Yes, there was a manager who's last name was Kuntz and to make matters worse his first name
didn't help either. It was horrible paging him on the intercom.....you could hear people laughing
in the building.

This was fun.
Anita Leave
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Old 04-16-2013, 08:52 AM
 
Location: Wonderland
40,879 posts, read 32,642,286 times
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Quote:
Originally Posted by InsaneTraveler View Post
I would!

But I am a man that has actually had a full legal name change. I didn't like my first, middle, or last name that my parents gave me and they were very normal American names! I changed all three when I was 23 years old. I have no regrets.
Good for you!

We have an interesting situation in our family. My oldest son despises his father (my ex husband) - and for good reason. He loves my father, his grandfather, who has been much more of a dad and role model to him than his biological dad.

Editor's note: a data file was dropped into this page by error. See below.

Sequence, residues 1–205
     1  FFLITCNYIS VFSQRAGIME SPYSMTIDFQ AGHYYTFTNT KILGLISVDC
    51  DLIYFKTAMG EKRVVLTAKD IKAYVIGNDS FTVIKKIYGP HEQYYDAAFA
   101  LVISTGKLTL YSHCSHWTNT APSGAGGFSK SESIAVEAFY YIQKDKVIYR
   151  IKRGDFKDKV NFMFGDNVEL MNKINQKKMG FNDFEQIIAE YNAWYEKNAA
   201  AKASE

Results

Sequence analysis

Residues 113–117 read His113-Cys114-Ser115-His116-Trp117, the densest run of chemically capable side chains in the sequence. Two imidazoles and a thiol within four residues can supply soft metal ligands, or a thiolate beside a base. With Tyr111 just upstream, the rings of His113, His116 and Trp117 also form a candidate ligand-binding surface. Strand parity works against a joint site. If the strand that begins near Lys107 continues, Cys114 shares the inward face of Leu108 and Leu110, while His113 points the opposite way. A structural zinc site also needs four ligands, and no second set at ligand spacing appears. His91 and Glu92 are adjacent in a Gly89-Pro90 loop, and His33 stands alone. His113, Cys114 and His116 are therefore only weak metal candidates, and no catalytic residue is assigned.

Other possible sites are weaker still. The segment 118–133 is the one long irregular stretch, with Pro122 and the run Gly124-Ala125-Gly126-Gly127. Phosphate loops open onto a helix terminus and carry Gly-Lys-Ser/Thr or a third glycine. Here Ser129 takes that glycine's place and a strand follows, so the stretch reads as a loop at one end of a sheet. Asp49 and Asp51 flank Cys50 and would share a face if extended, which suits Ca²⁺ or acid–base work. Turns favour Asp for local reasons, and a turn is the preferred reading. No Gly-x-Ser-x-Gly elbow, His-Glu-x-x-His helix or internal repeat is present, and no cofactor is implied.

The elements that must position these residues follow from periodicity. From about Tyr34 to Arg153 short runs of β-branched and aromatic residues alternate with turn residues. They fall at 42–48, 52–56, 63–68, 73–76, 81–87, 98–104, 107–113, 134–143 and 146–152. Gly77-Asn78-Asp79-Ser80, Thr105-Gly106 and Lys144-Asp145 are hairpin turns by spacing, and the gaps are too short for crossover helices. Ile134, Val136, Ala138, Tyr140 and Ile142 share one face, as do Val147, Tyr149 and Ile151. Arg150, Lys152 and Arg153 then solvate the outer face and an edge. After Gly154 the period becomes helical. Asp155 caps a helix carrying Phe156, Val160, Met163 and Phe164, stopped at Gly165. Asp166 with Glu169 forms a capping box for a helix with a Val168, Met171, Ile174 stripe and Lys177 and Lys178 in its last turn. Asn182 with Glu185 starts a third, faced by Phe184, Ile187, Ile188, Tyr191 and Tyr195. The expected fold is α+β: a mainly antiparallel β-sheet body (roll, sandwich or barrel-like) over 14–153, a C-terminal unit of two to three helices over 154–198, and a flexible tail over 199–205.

My son is seriously considering changing his last name to my former family surname. I am trying to stay out of the decision making completely, but inwardly I am proud of him for having the nerve to live by his principles.
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Old 04-16-2013, 08:55 AM
 
Location: Wonderland
40,879 posts, read 32,642,286 times
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Quote:
Originally Posted by oldhousegirl View Post
Funny, I had NEVER heard of the last name Turnipseed until we moved to the South!! When I first heard the name mentioned, I silently laughed to myself. It sounded so funny to me.
I would be willing to bet that many of those Turnipseeds came from Switzerland originally!
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Old 04-16-2013, 08:55 AM
 
Location: Brooklyn New York
15,226 posts, read 23,743,496 times
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I think some last names are really stupid, and makes on wonder why they were never changed in the first place.

I had a friend in HS, his last name was "Watt". Kenny, what is your last name? Watt. No Kenny, what is your last name?, My last name is Watt.

pretty dumb.